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Last Updated: Tuesday, 9 August 2005, 17:33 GMT 18:33 UK
Analysis: Crisis averted or just delayed?
By Jonathan Marcus
BBC diplomatic correspondent

Two technicians carry a box containing yellowcake at the Iranian nuclear facility at Isfahan
Conversion restarted at Isfahan on Monday, Iran said
Diplomatic pressure is growing on Iran to think again: to halt its uranium conversion activities and to resume its nuclear dialogue with the European Union.

The Russian government has joined its voice to those calling upon Tehran for a change of heart and there are hints from both sides that the talking might continue.

Billed as an emergency meeting of the UN's nuclear watchdog, the gathering at the International Atomic Energy Agency's headquarters in Vienna, which has adjourned until Wednesday, has so far failed to live up to expectations.

There have been few shrill words or demands for diplomatic escalation; rather, a growing consensus that Iran must be encouraged back to the negotiating table.

Russia - a key player because it is building Iran's nuclear power-generating reactors - has joined the chorus. A Foreign Ministry spokesman in Moscow has urged Iran to make what he termed the "wise decision" and halt uranium conversion without delay.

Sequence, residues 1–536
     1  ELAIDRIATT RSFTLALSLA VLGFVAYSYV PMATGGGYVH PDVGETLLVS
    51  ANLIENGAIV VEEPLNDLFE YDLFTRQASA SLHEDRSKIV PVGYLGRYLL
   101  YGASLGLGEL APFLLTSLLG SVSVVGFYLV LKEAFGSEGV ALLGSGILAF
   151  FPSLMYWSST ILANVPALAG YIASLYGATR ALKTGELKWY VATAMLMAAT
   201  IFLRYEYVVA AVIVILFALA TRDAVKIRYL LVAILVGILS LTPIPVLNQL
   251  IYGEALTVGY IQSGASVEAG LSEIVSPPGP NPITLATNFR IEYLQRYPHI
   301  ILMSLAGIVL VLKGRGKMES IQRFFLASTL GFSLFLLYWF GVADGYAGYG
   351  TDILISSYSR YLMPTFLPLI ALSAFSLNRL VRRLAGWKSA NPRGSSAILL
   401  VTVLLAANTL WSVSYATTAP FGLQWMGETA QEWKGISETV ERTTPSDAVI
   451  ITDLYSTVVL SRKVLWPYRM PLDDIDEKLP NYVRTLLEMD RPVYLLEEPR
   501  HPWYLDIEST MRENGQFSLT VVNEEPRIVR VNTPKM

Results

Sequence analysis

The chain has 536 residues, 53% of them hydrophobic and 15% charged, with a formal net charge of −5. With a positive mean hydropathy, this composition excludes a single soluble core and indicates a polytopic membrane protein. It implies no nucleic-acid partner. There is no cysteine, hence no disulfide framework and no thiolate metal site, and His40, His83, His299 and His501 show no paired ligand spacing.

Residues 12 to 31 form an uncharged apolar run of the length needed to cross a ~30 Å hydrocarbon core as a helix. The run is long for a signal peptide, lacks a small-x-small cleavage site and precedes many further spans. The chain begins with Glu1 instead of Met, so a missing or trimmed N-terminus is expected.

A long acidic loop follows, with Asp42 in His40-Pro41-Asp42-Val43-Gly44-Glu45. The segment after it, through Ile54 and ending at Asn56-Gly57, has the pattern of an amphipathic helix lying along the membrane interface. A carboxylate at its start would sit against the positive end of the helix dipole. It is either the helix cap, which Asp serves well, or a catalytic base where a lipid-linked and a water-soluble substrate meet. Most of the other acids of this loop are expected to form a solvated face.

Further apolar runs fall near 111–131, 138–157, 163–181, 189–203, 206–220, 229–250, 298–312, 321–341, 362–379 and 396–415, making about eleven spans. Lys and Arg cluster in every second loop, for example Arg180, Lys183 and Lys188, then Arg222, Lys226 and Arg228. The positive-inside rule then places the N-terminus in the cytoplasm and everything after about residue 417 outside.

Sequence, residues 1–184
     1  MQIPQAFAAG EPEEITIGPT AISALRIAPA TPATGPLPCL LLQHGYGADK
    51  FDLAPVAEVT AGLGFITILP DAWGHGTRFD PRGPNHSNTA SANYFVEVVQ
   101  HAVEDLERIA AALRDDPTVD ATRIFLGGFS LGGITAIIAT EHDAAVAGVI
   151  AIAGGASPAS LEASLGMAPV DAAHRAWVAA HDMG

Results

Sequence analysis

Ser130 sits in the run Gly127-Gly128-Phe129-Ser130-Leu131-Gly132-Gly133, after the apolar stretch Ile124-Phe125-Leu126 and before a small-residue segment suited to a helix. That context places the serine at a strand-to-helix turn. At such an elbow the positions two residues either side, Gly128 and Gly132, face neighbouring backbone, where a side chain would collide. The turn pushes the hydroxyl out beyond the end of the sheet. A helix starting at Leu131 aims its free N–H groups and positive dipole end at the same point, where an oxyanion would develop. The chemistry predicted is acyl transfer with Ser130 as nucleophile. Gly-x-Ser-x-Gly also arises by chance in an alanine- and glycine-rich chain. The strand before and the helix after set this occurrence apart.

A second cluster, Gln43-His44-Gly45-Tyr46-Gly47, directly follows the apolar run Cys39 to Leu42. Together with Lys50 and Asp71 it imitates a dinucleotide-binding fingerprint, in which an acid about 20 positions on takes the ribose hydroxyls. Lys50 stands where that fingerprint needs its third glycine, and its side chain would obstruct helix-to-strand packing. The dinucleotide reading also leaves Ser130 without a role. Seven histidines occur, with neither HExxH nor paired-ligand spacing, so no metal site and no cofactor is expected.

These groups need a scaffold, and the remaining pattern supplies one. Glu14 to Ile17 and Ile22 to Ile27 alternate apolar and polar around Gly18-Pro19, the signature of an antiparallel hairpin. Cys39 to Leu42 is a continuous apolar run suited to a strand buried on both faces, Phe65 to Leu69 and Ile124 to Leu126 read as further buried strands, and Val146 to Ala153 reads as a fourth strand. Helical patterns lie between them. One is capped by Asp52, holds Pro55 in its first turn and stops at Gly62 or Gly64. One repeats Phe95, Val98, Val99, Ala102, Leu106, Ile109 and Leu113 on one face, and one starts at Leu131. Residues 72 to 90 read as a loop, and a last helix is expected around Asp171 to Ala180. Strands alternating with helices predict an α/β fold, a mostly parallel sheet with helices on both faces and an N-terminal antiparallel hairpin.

The aim is, in Moscow's view, to provide time to remove all of the remaining questions surrounding Iran's nuclear activities.

Common denominator

That is not exactly the way the Americans and some of the Europeans see it. They want Iran to abandon its uranium enrichment programme altogether.

But the common denominator was well summed up by the French Foreign Minister, Phillipe Douste-Blazy.

Commenting on the Vienna talks, he said that it was still possible to negotiate with Iran on the nuclear issue.

Cyrus Nasseri
Iran's IAEA ambassador said EU talks would continue 'in good faith'
He received at least the hint of an echo from Tehran.

The new Iranian President Mahmoud Ahmadinejad noted that his country had initiatives and new suggestions which he plans to put forward once he has chosen his Cabinet.

The IAEA's board must still agree on a statement urging Iran to suspend its current activities and resume negotiations. Iran may simply be unwilling to take such a step.

It is not so much a case of crisis averted, but of crisis delayed - at least for now.


BBC NEWS: VIDEO AND AUDIO
Watch scientists at work at the plant near Isfahan




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